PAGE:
Author Thomas Friedman, keynote speaker at the 2011 Greenbuild Conference and Expo.
Oscar Einzig Author Thomas Friedman, keynote speaker at the 2011 Greenbuild Conference and Expo.

In a world that is becoming, like the title of his bestselling book, “hot, flat, and crowded,” New York Times columnist Thomas Friedman challenged Greenbuild attendees to continue innovating despite the world’s “grim” political and economic environment. In his opening keynote speech, held Wednesday, Oct. 5, in the center of Toronto’s hockey arena, Friedman jolted attendees by speaking about the challenges before them, but also inspired them to take action.

“We need to sit back and realize that the political and economic environment is not going to change overnight,” he said. “So how do we bring more imagination to everything we do to work within these constraints?”

Those constraints include a political environment that makes more stringent efficiency standards and a price signal for energy that generates carbon emissions seem increasingly unlikely. Friedman predicted the U.S. government will not pass clean energy legislation until at least 2013.

“Those of us hoping for a green revolution in this administration are going to be disappointed,” he said.

Rather than a green revolution, the country has been experiencing a “green party,” where corporations like BP congratulate themselves for being “beyond petroleum.” The revolution will be here, he said, when three things happen. First, as in the IT revolution that changed technology and computing, companies will have to change or perish. Second, the name of the movement will change: Attendees’ goal should be to get rid of the word “green,” he said, so that it’s not called green building, but simply building.

Finally, he said, a price signal matters even more to the green revolution than it did to the IT revolution. One weakness of the green revolution, he explained, is that consumers get the same heating and cooling and the same light from more efficient technologies. Cell phones, by comparison, were life-altering—consumers would pay more for the opportunity to stay connected outside the home. Solar-powered lighting doesn’t have that power. We already have light, he said, and we don’t care where it comes from.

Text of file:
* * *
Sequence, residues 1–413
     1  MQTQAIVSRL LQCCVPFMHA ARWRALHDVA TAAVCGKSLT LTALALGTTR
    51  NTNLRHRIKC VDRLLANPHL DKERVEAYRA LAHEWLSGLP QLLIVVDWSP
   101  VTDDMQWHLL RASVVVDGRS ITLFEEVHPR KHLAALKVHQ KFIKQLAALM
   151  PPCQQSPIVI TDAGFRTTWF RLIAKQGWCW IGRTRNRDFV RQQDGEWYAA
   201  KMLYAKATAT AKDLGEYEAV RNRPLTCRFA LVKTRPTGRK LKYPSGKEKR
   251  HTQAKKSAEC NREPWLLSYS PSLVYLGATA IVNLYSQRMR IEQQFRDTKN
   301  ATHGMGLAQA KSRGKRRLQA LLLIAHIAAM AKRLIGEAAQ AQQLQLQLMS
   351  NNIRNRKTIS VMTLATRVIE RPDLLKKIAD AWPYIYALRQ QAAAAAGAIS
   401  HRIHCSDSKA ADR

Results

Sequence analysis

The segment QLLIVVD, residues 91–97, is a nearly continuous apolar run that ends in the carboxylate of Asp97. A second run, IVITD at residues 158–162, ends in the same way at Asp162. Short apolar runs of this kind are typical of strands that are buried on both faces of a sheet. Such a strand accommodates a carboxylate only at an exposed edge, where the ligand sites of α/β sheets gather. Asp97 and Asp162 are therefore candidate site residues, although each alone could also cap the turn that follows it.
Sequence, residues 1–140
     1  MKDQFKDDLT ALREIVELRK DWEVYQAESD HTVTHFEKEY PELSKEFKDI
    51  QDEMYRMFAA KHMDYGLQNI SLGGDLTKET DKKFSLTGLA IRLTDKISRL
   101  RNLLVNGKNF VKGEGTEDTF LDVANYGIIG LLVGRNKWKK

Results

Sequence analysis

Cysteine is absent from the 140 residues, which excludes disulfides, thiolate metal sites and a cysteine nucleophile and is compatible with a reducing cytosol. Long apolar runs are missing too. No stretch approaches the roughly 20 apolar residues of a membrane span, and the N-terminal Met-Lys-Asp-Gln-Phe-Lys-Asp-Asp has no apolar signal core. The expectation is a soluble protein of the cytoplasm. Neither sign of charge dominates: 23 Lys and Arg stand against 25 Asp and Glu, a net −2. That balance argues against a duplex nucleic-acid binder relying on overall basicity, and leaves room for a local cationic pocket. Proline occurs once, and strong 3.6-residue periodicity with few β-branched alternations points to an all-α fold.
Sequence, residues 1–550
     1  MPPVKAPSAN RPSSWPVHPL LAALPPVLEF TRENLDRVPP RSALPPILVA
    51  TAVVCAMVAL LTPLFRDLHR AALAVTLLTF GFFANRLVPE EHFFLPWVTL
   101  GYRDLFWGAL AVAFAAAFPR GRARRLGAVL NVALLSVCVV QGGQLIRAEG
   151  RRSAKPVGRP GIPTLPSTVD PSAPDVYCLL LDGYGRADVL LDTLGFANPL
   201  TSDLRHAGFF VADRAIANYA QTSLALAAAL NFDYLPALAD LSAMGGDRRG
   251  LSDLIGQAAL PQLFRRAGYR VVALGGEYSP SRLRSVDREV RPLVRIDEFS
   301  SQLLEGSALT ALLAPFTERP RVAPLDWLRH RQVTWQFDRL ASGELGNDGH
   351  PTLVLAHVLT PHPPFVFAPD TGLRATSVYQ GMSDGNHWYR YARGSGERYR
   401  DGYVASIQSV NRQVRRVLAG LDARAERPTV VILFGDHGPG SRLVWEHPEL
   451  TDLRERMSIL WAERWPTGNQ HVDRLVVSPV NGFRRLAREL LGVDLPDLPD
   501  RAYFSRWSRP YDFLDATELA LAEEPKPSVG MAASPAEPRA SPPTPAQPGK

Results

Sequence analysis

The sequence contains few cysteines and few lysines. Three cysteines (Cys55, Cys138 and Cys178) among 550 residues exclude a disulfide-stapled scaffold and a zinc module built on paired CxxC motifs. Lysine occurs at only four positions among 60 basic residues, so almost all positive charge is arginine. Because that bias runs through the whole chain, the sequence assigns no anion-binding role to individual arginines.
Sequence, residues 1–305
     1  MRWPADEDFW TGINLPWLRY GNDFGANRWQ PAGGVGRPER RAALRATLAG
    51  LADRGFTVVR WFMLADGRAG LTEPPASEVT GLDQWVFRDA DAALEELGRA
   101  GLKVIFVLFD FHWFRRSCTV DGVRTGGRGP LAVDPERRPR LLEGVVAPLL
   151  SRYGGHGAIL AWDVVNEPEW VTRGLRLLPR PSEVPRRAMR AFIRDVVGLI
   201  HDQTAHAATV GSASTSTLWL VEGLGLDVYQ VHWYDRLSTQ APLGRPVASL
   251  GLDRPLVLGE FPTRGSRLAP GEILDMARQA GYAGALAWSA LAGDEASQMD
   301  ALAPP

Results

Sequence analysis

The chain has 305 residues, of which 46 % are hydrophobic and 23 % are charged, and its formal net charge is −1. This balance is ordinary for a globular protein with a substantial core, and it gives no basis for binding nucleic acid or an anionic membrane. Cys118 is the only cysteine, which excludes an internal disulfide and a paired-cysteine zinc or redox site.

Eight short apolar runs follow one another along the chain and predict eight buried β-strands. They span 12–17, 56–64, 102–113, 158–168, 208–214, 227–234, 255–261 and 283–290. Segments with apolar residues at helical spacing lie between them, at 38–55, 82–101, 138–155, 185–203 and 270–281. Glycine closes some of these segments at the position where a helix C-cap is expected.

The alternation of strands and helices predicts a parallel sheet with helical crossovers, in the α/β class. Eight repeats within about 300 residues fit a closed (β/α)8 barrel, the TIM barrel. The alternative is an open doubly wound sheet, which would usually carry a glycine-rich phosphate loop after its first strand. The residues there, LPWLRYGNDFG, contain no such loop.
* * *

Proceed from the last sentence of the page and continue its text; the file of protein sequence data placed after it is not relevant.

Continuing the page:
“Without a price signal, we do not get long-term, fixed demand,” Friedman said. “We only get government push.”

While he didn’t believe that price signal was coming anytime soon, Friedman said the geopolitical climate in the Middle East could soon make efficient technologies grow in importance. The Arab Spring series of revolutions began soon after world food prices hit an all-time high in December 2010. Political instability leads to higher oil prices, which boosts fertilizer and food prices in a self-reinforcing loop, he said.

Meanwhile, the population in countries such as Egypt is growing massively, Friedman said. And those populations increasingly want to live like Americans, with large cars and rich tastes. “Flat and crowded”—the growing and increasingly globalized world population—drive the “hot” of global warming, he said.
The challenge for attendees, Friedman said, was to become a generation of regeneration, boosting the efficiency of technology to meet these global demands.

The good news, he said, is that North America “is alive from the ground up.” As he travels North America, he sees an amazing amount of innovation. In part, he joked, people keep innovating because they simply haven’t gotten the word that the challenges are so great.

“The word is kind of grim right now,” he said. Inspired by a soldier in Afghanistan who said the U.S. military surge there succeeded because they were “too dumb to quit,” Friedman congratulated attendees who continued to innovate in the face of seemingly insurmountable challenges: “Thank you all for being too dumb to quit.”

Jeffrey Lee is Managing Editor of EcoHome.